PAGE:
Background: With a desire to transition to carbon-neutral sources of energy, many states and localities are imposing or considering policies that prohibit natural gas installation in both residential and commercial construction. Such bans would require contractors to construct new dwellings where the sources of power are exclusively electric, because carbon-free sources of energy such as wind and solar generate electric power. This means that in new construction, fixtures such as furnaces, ovens, and water heaters must be electric appliances. Some proposals go as far as prohibiting the installation of additional gas appliances in existing structures.
Why is it important? 70 million American homes use natural gas to stay warm in the winter, prepare food, and heat their water. Because it is three times more efficient than electricity, natural gas is an affordable energy source that keeps electric bills low, has low carbon emissions, and reduces overall use of electricity which in turn reduces dependence on the more carbon-dependent energy sources that provide electric power, resulting in net reductions in carbon emissions.
While the technology exists that proponents of natural gas bans hope will power a carbon-free energy grid by the middle of this century, such as solar and wind farms, existing capacity is not sufficient to power the grid exclusively on these technologies nor is the infrastructure in place. Electrification would increase the average residential household-energy related costs by almost 50%. Shifting to 100% electricity dependency, especially when the wind and solar infrastructure is not in place, will stress electric grids while increasing both energy costs for consumers and the carbon impact to the environment. In fact, in California (the epicenter of decarbonization and gas ban efforts) the stress placed on electric grids as wildfires raged across the state required energy provider PG&E to shut down sections of the grid (i.e. “rolling blackouts”) to mitigate further damage.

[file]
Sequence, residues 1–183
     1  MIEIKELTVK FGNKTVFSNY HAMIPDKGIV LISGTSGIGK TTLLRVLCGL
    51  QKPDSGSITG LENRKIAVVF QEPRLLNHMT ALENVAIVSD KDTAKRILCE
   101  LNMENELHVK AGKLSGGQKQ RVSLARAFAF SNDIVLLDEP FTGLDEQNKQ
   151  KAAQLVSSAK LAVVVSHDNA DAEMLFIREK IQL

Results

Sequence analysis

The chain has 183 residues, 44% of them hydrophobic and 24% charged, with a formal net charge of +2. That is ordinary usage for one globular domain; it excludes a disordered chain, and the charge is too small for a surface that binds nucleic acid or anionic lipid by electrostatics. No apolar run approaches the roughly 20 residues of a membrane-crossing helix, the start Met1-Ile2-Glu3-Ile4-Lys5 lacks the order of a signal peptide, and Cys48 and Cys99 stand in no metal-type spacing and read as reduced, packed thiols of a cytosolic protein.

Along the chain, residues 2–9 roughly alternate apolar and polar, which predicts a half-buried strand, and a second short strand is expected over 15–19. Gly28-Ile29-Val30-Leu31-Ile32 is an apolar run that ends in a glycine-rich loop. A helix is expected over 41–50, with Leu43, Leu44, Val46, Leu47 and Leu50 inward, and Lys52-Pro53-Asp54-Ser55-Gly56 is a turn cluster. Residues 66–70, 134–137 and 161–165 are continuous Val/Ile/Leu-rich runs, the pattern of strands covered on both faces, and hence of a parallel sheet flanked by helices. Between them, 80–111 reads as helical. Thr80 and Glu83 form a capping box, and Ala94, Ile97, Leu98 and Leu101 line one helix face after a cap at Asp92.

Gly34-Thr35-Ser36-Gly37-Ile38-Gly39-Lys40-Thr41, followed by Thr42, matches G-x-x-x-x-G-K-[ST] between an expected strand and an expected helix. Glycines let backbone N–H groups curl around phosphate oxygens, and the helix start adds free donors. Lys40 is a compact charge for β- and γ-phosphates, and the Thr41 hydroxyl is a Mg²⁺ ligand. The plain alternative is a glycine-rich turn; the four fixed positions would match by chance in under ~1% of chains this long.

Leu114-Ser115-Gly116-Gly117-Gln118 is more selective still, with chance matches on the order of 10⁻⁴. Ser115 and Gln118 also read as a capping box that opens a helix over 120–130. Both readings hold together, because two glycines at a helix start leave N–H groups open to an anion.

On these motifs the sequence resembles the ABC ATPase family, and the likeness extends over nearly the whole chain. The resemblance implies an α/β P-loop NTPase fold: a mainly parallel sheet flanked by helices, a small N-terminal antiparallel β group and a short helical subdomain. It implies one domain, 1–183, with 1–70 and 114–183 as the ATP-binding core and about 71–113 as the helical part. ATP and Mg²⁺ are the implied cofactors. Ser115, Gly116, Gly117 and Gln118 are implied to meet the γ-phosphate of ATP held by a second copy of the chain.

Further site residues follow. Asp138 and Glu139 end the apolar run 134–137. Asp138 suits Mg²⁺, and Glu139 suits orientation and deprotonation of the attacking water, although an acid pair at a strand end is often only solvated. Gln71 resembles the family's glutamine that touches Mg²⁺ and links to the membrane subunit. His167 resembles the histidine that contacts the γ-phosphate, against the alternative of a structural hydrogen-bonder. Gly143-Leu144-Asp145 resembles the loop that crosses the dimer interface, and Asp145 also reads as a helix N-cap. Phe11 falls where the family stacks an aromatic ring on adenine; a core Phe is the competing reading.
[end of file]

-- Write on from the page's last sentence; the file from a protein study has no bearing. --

Employment in the construction sector would also be affected as jobs that depend on natural gas equipment manufacturing, installation, and service would be wiped out.
Furthermore, Households in colder climates will be particularly impacted, as gas heat is not susceptible to electrical power outages that are common when temperatures drop significantly and families need heat the most. Small businesses such as food service establishments would pay much more for electricity considering the energy-intensive equipment they use for food preparation. The cost of new homes would also increase because they would need to be wired at a double the amperage than would otherwise be required to accommodate all energy-intensive appliances and fixtures.
If a forced conversion to electric appliances were to be mandated in existing structures, low-income households would be hit the hardest as they would struggle to afford replacing furnaces, water heaters and other fixtures that people depend on for a healthy, comfortable quality of life; subsidies and grants for such upgrades would increase costs for taxpayers. While the objective of carbon-neutral energy production is laudable and well-intended, it is apparent to PHCC that decarbonization policies calling for natural gas bans have not considered their consequences.
What is PHCC’s solution? The plumbing and HVAC contractors of PHCC understand their responsibility as stewards of the environment. Gas utilities have added tens of millions of customers over the past half-century with virtually no increase in carbon emissions. We believe a healthier environment can be achieved by reducing carbon emissions generated by fossil fuels for electricity while allowing consumers to choose natural gas to offset electric costs and maintain a high quality of life.